According to a report from the Women in Tech Network, less than one-third of the worldwide technology workforce is made up of women. That same report states it will take 133 years to close the economic gender gap.
Statistics from some of the world’s largest tech companies show how much growth is needed. For instance, 34% of Apple’s workforce is female but only 24% of technical jobs are held by women. Women also hold only 18% of CIO or CTO roles in the world’s 1,000 largest tech companies.
To put it politely, that is abysmal. We need to create and promote space for women in technology leadership to pave a way for those behind them.
Revealing the Industry’s Problems
Tech organizations – and really, organizations across industries – hold biases against women. There is a false sense of support – because most of the time, women are not enabled to perform the duties of women. If an organization does not allow women flexibility for motherhood, then they are not supporting women. The same can be said for women in any family circumstance – single mothers, nursing mothers, women without children, and caregivers.
Women dominate the market of caregiving, which is an underappreciated and often unrecognized responsibility. According to a recent statistic, caregivers spend 23.7 hours per week providing care for loved ones they do not live with, and 37.4 hours per week for recipients in their immediate care. And 75% of caregivers are women.
It is imperative tech employers (and all employers) understand the dynamic of every woman and their needs.
Change from the Outside In
I firmly believe industry change starts with the educational system. We need to break down stereotypes and stigmas in fields like science and math that result in fewer girls showing an interest or feeling like they do not belong there. This starts as early as elementary school and continues through high school and secondary education. STEM should be the progress of collaboration in communities and a direct result of providing access to these learnings – to everyone.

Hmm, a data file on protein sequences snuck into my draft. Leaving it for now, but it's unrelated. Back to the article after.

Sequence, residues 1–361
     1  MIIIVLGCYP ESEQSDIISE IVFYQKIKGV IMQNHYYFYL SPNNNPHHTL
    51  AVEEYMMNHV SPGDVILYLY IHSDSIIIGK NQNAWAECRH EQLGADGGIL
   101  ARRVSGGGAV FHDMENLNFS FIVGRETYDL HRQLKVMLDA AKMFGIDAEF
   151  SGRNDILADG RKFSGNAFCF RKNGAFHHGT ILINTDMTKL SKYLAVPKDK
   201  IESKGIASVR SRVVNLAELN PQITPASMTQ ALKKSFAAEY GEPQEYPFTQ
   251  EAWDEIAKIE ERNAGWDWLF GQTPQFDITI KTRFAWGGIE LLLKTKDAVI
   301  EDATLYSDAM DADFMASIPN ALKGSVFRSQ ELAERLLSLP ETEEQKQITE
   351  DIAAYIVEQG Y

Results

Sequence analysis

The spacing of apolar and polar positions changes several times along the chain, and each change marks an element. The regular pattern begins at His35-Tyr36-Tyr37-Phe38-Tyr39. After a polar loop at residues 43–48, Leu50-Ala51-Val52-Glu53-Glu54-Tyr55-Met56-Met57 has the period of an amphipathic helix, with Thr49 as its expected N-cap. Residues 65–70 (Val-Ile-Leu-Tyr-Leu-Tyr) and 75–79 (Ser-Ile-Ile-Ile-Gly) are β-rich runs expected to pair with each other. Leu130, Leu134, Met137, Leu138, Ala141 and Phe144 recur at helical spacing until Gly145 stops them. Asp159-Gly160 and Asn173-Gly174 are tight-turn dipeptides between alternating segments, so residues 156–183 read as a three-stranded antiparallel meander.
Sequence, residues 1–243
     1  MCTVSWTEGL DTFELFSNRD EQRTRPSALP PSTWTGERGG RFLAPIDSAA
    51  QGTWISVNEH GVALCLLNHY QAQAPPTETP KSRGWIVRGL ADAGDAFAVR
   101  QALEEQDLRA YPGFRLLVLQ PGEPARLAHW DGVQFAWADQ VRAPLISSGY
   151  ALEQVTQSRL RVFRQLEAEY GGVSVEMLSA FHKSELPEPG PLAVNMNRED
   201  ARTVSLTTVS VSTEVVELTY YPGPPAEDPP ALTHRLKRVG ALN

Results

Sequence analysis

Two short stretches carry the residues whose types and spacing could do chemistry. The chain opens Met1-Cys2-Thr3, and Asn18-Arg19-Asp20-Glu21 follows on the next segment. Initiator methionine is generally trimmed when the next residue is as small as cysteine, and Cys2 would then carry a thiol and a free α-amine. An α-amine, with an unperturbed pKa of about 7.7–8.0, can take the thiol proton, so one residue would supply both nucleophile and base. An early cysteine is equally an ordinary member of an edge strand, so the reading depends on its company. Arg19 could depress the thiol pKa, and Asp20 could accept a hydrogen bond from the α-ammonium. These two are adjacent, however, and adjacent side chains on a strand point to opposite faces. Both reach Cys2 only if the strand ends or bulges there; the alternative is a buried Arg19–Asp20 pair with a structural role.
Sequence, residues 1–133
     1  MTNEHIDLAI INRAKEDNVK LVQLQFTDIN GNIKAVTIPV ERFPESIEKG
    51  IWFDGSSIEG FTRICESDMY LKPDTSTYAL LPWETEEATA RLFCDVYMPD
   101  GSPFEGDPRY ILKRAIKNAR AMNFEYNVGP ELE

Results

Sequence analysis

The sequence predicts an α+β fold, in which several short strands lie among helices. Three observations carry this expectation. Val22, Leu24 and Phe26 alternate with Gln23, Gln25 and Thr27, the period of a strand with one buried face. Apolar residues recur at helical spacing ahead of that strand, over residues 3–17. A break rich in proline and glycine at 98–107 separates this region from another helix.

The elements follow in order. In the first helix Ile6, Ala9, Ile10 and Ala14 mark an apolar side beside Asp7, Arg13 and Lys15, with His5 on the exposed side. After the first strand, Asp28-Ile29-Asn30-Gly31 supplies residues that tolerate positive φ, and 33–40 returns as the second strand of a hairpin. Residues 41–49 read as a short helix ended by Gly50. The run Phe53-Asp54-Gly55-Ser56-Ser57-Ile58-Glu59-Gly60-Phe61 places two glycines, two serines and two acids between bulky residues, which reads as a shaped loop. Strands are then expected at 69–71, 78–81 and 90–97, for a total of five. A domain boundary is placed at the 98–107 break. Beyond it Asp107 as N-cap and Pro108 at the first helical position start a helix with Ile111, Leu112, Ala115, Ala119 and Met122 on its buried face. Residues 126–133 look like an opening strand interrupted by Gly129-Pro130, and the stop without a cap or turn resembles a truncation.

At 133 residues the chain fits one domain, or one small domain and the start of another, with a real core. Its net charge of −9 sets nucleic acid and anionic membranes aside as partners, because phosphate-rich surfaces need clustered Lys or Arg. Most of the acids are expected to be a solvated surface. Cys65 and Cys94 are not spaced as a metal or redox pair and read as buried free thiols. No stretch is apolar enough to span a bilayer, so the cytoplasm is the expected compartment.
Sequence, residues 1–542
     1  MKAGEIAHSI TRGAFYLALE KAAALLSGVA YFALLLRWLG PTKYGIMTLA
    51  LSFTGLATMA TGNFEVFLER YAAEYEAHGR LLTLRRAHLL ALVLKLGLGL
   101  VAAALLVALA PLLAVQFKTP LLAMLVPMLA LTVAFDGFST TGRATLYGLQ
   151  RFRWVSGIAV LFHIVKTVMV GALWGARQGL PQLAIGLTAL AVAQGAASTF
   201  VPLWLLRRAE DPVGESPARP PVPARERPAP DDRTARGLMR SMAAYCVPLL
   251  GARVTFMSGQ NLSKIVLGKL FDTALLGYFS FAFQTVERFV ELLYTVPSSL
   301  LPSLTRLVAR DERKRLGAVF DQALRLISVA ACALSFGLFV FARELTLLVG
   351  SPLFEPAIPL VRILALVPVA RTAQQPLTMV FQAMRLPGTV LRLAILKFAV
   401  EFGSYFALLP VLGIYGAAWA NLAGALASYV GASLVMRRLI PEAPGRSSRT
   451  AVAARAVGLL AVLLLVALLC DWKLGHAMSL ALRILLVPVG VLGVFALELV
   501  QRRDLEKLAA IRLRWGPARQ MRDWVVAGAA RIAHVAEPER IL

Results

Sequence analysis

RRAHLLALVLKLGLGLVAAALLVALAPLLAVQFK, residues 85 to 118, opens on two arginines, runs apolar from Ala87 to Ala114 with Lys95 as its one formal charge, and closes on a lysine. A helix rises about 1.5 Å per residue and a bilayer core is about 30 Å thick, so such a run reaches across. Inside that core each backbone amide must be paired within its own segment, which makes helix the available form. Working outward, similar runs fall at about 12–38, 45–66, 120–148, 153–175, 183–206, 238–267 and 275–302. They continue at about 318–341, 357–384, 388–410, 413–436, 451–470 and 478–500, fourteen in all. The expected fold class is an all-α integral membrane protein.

From a hiring perspective, companies must tip the scale and work toward numbers to change the dynamic. We need leading tech companies offering more jobs to more women, not trying to reach a threshold, and pitting multiple women against one another for one job. This creates an unhealthy dynamic and is not focused on the ultimate goal of bringing more women to the tech workforce.
An area I am extremely passionate about is getting more women-owned companies funded and carving a path for women to become funders. Less than two percent of women ever meet $1 million in their businesses – and it’s time for that to change. Having female general partners inside venture funds is a necessity, and we need more women cresting the $1 million mark in their business.
Funds must stop navigating the “profile” of an investor. Varying women from differing backgrounds can promote and elevate the outcome of funds and ensure more is invested in women-owned businesses. According to a study published in the Harvard Business Review, VC firms with 10% more female investing partners make more successful investments at the portfolio company level, have 1.5% higher fund returns and see 9.7% more profitable exits.
The Bottom Line Is…
Be intentional. Be intentional about how women are hired and what the expectations are to genuinely support women. The scarcity of top jobs and leadership roles in this industry only breeds scarcity.
Companies must invest in or create resources dedicated to fostering women in their growth and success. Learning and leadership skills are invaluable, and having tools in place for mentorship ensures they have the support they need.
One of the largest points of the conversation is pay equity. Women must be paid equally as men for the same role – no questions asked. Without the balance of wealth, there is also an imbalance of power across boardrooms that women occupy.
To fully shift the dynamic, we need to navigate what women need, the education they receive, the funding they create, and the overall multiplicity across the boardrooms in the top technology organizations. It may be cliché, but tech companies need to put their money where their figurative mouth is.